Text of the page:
Lab News

ASGCT's Giants in Gene Therapy Podcast

Society Past-president Hans-Peter Kiem, MD, PhD, regularly interviews luminaries in the worlds of cell and gene therapy

Dr. Hans-Peter Kiem's TEDx Seattle talk now online

Kiem speaks about HIV and making gene therapy more accessible

Dr. Hans-Peter Kiem discusses gene therapy for HIV at TEDx Seattle in November 2019. Video courtesy of TEDx Seattle

Gene therapy and gene editing have made it possible to cure sickle cell disease and other conditions, and researchers are studying whether gene therapy could also cure HIV. However, current technologies are expensive, risky and require high-tech facilities, making them inaccessible to many of the 38 million people living with HIV today. Dr. Hans-Peter Kiem, director of the Cell & Gene Therapy program at Fred Hutch, hopes to change this.

During a TEDx Seattle talk he gave last November, now available online, Kiem discussed how gene therapy can be used to change the way we treat HIV, cancer and other diseases.

He detailed the experience of the first person cured of HIV, Timothy Ray Brown, who had both HIV and leukemia. His doctors had a radical new idea to cure both, using a bone marrow transplant from a donor whose stem cells contained a mutation on a gene called CCR5.

CCR5 produces a protein that is part of the mechanism HIV uses to enter blood cells. In some cases, when CCR5 is mutated, or broken, HIV can no longer enter the blood cells and no longer infect the body. Some people are born naturally with this mutation, and as Kiem noted, “Timothy’s doctors in Berlin knew about this mutation, and so they looked for and found a marrow donor who was not only a tissue match for Timothy, but who also carried this critical CCR5 mutation.”

The idea was, if the mutation takes hold in the patient, could this cure his HIV?

“And it did, it worked!” Kiem told the audience, leaving Brown cancer- and HIV-free, now for 12 years.

It was this success story that got Kiem thinking about the potential of CRISPR and gene therapies. In his Nov. 23 talk, Kiem described how he hopes to increase the accessibility and application of gene therapies, dubbed “gene therapy in a syringe.”

“Imagine in the not-so-distant-future: With a single injection, a single shot in the arm, we deliver the recipe that will make ordinary blood and immune cells resistant to HIV,” Kiem told the audience. And while it may take some time to perfect, Kiem is confident we are getting closer. Closer to applying gene therapies to not only HIV, but to other conditions.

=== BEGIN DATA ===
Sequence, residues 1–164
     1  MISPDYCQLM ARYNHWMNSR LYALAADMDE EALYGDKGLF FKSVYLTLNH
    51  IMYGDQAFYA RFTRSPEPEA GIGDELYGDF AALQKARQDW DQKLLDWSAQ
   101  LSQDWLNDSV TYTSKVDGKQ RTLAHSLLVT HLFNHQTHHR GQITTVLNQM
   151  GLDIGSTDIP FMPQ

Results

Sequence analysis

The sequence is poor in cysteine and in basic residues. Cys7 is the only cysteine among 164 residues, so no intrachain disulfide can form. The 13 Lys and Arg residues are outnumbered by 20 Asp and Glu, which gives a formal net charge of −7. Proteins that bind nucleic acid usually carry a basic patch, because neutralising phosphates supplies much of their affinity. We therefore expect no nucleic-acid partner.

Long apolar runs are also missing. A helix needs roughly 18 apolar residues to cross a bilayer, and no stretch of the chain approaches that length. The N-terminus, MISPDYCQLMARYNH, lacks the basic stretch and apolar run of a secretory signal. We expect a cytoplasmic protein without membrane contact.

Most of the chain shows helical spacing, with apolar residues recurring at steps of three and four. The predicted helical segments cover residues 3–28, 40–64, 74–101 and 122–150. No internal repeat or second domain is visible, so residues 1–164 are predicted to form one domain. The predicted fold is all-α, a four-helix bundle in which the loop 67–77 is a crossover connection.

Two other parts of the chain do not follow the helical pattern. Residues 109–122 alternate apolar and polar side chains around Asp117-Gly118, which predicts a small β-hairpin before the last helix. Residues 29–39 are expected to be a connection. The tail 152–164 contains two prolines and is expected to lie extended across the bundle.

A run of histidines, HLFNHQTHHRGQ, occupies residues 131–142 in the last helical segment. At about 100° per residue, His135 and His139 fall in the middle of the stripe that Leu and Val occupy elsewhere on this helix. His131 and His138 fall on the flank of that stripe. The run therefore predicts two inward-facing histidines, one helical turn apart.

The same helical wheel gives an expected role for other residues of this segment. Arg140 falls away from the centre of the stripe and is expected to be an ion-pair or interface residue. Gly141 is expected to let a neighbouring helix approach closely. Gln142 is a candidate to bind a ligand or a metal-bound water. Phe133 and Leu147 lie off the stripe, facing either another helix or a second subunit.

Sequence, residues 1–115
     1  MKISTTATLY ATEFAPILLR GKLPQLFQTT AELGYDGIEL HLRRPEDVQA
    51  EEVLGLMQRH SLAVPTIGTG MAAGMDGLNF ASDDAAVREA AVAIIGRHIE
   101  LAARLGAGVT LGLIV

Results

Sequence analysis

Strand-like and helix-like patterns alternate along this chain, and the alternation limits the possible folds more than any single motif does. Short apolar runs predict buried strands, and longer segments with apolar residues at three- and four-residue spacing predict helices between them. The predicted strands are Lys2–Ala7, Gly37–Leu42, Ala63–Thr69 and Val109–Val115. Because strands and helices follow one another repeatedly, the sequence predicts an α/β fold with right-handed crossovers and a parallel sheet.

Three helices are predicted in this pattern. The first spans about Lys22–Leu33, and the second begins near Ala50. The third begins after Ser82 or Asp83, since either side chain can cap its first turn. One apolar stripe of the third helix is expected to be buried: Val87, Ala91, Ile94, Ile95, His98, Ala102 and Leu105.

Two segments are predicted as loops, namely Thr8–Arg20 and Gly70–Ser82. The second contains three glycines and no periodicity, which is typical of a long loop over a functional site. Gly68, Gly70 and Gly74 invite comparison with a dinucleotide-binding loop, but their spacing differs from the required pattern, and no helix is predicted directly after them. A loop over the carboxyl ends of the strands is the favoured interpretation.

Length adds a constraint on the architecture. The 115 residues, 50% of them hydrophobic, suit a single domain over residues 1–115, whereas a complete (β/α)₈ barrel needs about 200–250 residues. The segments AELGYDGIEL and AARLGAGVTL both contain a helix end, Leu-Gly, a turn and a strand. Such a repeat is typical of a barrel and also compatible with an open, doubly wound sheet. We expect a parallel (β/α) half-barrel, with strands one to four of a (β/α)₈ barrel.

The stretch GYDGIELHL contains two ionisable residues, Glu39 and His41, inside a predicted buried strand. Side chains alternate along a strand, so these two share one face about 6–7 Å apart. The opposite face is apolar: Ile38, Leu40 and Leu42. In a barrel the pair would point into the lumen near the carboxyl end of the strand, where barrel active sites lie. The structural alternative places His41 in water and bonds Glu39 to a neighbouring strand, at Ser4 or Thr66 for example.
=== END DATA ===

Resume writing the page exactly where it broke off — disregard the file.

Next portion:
Through the work he and his colleagues do at Fred Hutch, Kiem hopes to create gene therapies that can cure people “no matter who they are and where they live,” which will allow more people, with different diseases, to benefit from the new technology. 

Targeting a subset of stem cells shows lasting, therapeutically relevant gene editing in blood cells

A new Science Translational Medicine paper is first to report how editing a portion of stem cells with CRISPR/Cas9 is sufficient for long-term reactivation of therapeutic hemoglobin

Drs. Hans-Peter Kiem, Olivier Humbert and Stefan Radtke
Drs. Hans-Peter Kiem, Olivier Humbert and Stefan Radtke have used gene editing to reverse symptoms of several blood disorders in a proof-of-principle study published recently in Science Translational Medicine. Photos by Robert Hood

In a paper published in the July 31 issue of Science Translational Medicine, a team of Fred Hutch researchers led by Dr. Hans-Peter Kiem used CRISPR-Cas9 to edit long-lived blood stem cells to reverse the clinical symptoms observed with several blood disorders, including sickle cell disease and beta-thalassemia.

It’s the first time that scientists have specifically edited the genetic makeup of a specialized subset of adult blood stem cells that are the source of all cells in the blood and immune system.

The proof-of-principle study suggests that efficient modification of targeted stem cells could reduce the costs of gene-editing treatments for blood disorders and other diseases while decreasing the risks of unwanted effects that can occur with a less discriminating approach.

“By demonstrating how this select group of cells can be efficiently edited for one type of disease, we hope to use the same approach for conditions such as HIV and some cancers,” said Kiem, director of the Stem Cell and Gene Therapy Program and a member of the Clinical Research Division at Fred Hutch. Kiem also holds the Stephanus Family Endowed Chair for Cell and Gene Therapy.

Drs. Olivier Humbert and Stefan Radtke of the Kiem Lab share first authorship of the paper.

Read more about the study in a Fred Hutch news release.